anticipate

[ an-tis-uh-peyt ]
/ ænˈtɪs əˌpeɪt /

verb (used with object), an·tic·i·pat·ed, an·tic·i·pat·ing.

verb (used without object), an·tic·i·pat·ed, an·tic·i·pat·ing.

to think, speak, act, or feel an emotional response in advance.

Origin of anticipate

First recorded in 1525–35; from Latin anticipātus “taken before, anticipated” (past participle of anticipāre ), equivalent to anti- (variant of ante- ante-) + -cip- (combining form of capere “to take”) + -ātus -ate1

synonym study for anticipate

1. See expect.

usage note for anticipate

Despite claims that anticipate should only be used to mean “to perform (an action) or respond to (a question, etc.) in advance” or “to forestall,” it has been used widely since the 18th century as a synonym for expect, often with an implication of pleasure: We anticipate a large turnout at the next meeting. This use is standard in all types of speech and writing.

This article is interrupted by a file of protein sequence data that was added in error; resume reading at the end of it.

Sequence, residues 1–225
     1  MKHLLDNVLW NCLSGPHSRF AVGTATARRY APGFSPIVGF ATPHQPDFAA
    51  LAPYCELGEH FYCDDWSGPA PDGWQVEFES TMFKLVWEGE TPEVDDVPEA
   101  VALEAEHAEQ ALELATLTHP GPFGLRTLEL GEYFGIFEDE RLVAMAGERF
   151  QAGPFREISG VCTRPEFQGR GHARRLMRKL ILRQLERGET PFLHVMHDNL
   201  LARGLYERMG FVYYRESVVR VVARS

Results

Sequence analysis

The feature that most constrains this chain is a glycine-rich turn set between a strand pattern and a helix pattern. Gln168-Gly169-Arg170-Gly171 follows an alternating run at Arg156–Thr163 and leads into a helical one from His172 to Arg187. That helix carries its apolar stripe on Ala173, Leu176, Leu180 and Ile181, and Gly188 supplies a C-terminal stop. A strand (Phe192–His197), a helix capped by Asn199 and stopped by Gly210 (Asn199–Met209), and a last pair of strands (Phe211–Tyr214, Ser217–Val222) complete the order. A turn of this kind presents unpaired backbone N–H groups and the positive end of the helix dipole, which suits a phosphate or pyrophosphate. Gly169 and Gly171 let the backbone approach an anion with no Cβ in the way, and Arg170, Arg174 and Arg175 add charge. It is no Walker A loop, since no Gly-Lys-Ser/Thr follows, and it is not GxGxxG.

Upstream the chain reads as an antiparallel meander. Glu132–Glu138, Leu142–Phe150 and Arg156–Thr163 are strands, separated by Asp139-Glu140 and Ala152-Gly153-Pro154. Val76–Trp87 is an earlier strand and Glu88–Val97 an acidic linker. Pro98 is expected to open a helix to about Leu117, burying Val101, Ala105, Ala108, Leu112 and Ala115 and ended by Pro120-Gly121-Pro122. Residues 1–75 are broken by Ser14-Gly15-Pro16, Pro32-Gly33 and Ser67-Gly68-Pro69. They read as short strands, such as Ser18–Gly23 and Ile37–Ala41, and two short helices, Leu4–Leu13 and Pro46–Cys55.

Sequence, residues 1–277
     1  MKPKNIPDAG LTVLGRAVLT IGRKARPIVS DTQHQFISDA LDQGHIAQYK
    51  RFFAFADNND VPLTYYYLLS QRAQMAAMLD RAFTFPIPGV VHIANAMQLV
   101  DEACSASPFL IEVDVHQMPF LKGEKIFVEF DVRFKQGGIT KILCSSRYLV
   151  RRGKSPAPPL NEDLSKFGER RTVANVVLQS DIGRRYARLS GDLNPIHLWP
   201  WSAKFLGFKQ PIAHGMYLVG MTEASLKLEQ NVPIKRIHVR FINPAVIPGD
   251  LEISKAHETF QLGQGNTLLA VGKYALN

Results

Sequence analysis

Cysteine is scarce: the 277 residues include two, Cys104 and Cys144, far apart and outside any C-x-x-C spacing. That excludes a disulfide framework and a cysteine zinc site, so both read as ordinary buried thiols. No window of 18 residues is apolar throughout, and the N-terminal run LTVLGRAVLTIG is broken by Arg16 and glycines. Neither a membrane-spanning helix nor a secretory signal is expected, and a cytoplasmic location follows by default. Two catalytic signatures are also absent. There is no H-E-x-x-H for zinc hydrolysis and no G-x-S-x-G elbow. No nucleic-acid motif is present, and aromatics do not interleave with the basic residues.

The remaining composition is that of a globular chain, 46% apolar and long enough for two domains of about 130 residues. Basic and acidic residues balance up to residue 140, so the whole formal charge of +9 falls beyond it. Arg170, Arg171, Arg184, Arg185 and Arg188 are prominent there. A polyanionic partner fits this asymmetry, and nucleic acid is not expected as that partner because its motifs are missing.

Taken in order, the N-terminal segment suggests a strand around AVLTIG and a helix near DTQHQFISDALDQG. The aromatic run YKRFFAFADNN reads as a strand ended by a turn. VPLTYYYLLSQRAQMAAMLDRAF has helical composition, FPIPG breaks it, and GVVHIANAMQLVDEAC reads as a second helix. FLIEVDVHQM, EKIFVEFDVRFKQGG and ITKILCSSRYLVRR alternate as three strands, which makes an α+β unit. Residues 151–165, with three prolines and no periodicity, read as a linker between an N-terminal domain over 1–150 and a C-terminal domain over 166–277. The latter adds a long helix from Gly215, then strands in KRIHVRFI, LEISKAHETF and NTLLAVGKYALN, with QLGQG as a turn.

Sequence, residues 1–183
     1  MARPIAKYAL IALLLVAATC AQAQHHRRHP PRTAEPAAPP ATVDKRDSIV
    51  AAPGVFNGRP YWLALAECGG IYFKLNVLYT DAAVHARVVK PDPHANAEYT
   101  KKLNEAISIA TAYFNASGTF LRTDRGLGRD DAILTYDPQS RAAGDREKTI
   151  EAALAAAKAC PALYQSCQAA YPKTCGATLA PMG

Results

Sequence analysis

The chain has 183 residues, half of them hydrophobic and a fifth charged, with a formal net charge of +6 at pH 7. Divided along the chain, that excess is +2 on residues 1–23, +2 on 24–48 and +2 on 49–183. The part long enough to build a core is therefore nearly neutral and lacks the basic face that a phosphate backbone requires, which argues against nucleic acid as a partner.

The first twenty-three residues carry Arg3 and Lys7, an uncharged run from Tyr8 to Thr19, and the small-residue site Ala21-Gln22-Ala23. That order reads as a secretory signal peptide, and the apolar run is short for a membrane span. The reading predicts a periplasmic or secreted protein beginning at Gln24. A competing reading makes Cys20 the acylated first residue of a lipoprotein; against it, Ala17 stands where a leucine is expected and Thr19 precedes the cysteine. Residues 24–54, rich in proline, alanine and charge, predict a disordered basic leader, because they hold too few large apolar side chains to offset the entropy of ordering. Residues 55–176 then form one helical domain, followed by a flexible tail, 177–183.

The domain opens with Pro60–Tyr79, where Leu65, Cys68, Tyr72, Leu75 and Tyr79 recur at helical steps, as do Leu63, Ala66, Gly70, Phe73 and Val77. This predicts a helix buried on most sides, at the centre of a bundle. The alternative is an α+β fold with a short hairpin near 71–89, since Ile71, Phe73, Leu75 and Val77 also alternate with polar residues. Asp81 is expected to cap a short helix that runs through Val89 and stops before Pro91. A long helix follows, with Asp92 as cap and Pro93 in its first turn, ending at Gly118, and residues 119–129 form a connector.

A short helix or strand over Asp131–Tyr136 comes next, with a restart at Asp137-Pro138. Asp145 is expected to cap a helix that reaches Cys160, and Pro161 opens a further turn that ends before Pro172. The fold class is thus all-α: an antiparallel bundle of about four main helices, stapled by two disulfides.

OTHER WORDS FROM anticipate

Dictionary.com Unabridged Based on the Random House Unabridged Dictionary, © Random House, Inc. 2020

Example sentences from the Web for anticipate

British Dictionary definitions for anticipate

anticipate
/ (ænˈtɪsɪˌpeɪt) /

verb (mainly tr)

Derived forms of anticipate

anticipator, nounanticipatory or anticipative, adjectiveanticipatorily or anticipatively, adverb

Word Origin for anticipate

C16: from Latin anticipāre to take before, realize beforehand, from anti- ante- + capere to take

usage for anticipate

The use of anticipate to mean expect should be avoided
Collins English Dictionary - Complete & Unabridged 2012 Digital Edition © William Collins Sons & Co. Ltd. 1979, 1986 © HarperCollins Publishers 1998, 2000, 2003, 2005, 2006, 2007, 2009, 2012